Today was Remembrance Day in the UK (always a Sunday). It’s a weekend when football fans have to momentarily stop their chanting as the Last Post is played on a bugle before every match. Then, after two minutes of echoing silence, the cheering is louder than before. It’s as if the fans are saying: “Well, we’re here. And life goes on!” And the game begins.
Remembering the two World Wars does not resonate as loudly in Jamaica. We may think Remembrance is just another irrelevant European ritual, a piece of history that Jamaica hardly took part in. But, as I learned back in August at the Royal Air Forces Association Jamaica Branch, no less than five thousand Jamaicans went to fight in World War II, and many did not return. In fact, I also learned that the first black pilot in Britain’s Royal Air Force (RAF) – during World War I – was Jamaican. Sergeant William Robinson Clarke was flying over the Western Front in 1917, a few miles over the German lines, when his biplane was attacked. Although badly wounded, he managed to crash-land the plane back safely.
Armistice Day is November 11. It marks the day World War One ended, at 11am on the 11th day of the 11th month, back in 1918. This year, too, is the Centenary of the Battle of the Somme – one of the grimmest battles of the 20th century, in which over a million human beings suffered and died. As the Head of the Somme Departmental Council writes:
The Somme will ever remain the theatre of one of the most deadly battles of the First World War. With the French and British armies calling upon troops from the colonies and the French Foreign Legion, units from 25 nations and 50 countries were involved in the Battle of the Somme. In five months of combat, the total number of men killed, wounded and missing reached over one million and entire nations were sent into mourning. Casualties amounted to 420,000 for the British, 190,000 for the French and 420,000 for the Germans. The landscape of the north-east of the Somme was completely devastated; villages were razed to the ground and fields were turned into lunar-landscapes by shelling.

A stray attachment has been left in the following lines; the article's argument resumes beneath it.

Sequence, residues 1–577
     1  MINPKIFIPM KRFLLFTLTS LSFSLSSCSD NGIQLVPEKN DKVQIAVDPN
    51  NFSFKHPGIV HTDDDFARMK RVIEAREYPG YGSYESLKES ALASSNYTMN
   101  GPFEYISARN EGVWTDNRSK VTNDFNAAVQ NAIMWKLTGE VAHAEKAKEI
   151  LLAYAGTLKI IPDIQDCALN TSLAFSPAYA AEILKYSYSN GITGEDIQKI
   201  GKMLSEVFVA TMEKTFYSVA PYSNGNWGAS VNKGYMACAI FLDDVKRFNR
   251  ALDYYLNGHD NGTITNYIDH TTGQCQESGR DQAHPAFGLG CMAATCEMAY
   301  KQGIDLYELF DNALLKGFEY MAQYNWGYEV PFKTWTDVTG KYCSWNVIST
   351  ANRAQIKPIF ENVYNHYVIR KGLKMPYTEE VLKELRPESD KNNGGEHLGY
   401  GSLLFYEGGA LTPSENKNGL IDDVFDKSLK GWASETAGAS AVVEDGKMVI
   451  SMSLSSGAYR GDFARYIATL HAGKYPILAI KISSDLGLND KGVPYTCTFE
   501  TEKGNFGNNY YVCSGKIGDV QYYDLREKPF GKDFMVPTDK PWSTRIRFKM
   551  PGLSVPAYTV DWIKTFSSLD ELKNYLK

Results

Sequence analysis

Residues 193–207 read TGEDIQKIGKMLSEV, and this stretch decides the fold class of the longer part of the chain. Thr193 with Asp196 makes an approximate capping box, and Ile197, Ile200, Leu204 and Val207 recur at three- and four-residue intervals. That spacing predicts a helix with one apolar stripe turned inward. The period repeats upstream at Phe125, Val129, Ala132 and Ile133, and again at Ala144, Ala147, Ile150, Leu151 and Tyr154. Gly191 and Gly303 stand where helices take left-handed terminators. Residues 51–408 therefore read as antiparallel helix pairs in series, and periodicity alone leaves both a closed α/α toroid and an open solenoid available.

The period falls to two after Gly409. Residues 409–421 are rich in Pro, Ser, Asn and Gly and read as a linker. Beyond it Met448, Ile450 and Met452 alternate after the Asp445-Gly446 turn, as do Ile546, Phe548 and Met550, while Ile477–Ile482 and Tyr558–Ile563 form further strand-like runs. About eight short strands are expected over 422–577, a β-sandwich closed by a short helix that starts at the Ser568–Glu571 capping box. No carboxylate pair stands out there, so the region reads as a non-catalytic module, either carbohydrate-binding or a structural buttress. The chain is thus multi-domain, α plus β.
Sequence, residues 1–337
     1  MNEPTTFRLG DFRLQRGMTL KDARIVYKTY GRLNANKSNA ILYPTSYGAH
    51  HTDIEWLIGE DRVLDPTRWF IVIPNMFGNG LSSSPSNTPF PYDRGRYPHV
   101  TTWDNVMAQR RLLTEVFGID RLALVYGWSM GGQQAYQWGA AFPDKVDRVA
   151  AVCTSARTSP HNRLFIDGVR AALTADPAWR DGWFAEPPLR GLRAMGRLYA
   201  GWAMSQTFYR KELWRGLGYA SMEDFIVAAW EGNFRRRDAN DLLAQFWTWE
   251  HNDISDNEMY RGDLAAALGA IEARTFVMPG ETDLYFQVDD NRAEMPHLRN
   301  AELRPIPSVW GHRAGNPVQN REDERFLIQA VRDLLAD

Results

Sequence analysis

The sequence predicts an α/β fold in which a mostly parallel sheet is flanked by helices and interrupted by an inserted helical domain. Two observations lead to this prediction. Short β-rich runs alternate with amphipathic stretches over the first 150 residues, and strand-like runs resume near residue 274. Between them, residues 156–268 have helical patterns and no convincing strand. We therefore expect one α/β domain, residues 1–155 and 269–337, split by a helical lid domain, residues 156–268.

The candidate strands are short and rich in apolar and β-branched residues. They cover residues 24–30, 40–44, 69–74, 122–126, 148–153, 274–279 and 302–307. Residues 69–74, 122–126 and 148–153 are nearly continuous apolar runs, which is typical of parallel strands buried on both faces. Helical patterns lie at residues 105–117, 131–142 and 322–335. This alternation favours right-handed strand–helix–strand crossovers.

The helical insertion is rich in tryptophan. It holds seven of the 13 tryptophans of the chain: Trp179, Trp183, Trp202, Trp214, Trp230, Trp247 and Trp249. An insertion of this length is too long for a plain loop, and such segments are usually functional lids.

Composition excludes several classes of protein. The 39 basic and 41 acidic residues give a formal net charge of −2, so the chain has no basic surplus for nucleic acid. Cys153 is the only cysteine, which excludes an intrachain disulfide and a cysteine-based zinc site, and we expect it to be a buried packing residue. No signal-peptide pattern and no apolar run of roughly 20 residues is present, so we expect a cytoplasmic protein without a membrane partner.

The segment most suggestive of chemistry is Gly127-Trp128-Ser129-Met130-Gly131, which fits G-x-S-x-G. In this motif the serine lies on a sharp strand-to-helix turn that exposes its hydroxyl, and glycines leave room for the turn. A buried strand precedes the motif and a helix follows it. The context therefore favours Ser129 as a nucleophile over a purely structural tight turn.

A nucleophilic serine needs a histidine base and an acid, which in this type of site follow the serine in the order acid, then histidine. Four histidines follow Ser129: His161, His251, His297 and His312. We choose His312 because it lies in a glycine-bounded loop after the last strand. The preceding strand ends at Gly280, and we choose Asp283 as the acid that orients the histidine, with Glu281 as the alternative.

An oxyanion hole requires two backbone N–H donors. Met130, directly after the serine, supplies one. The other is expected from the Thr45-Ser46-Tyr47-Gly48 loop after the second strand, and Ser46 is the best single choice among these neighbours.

Back to the warm, balmy evening in August this year, when the Royal Air Forces Association (Jamaica 580 Branch) celebrated its 70th Anniversary at Kingston’s Curphey Place. The Military Band soothed us with smooth Cole Porter classics such as Night and Day, Let’s Fall in Love and the languid When they Begin the Beguine. The ceremony began, MC’d in a wonderfully warm and intimate manner by Major (Ret’d) Johanna Lewin, JP, who chairs the branch. She treated us all like family.
I met a gentleman at Curphey Place named James Luther Ferguson – a Jamaican who served in World War II, volunteering for the RAF in 1944 (and without his poor mother’s knowledge!) at the age of fourteen. His memoirs, Adventures of James Ferguson are published by The Mill Press as a “piece of social history,” publisher Valerie Facey told us. Her husband, Hon. Maurice Facey, was barely eighteen when he signed up for the RAF and although they were married for over sixty years, he hardly mentioned the war – but she certainly realized that Jamaicans who traveled to the UK to serve were not welcomed by the “mother country.” Discrimination was rife. However, she was astonished when, soon after her husband’s death in 2013, she read a letter from James Ferguson in the Gleaner referring to her late husband as the wartime colleague who, young as he himself was, took Mr. Ferguson under his wing during the arduous sea journey to England. She got in touch with him. Mr. Ferguson did have some escapades, both at home and abroad; he is remarkably and cheerfully forthright about his misdemeanors, however, while still holding firm to his belief in friendship, love, fairness and hard work. It’s quite a read, with some of Mr. Ferguson’s rather wistful, philosophical poems enhancing the narrative. In an interview, Mr. Ferguson described his “disgust” for war. Well, it’s humanity’s self-inflicted wound.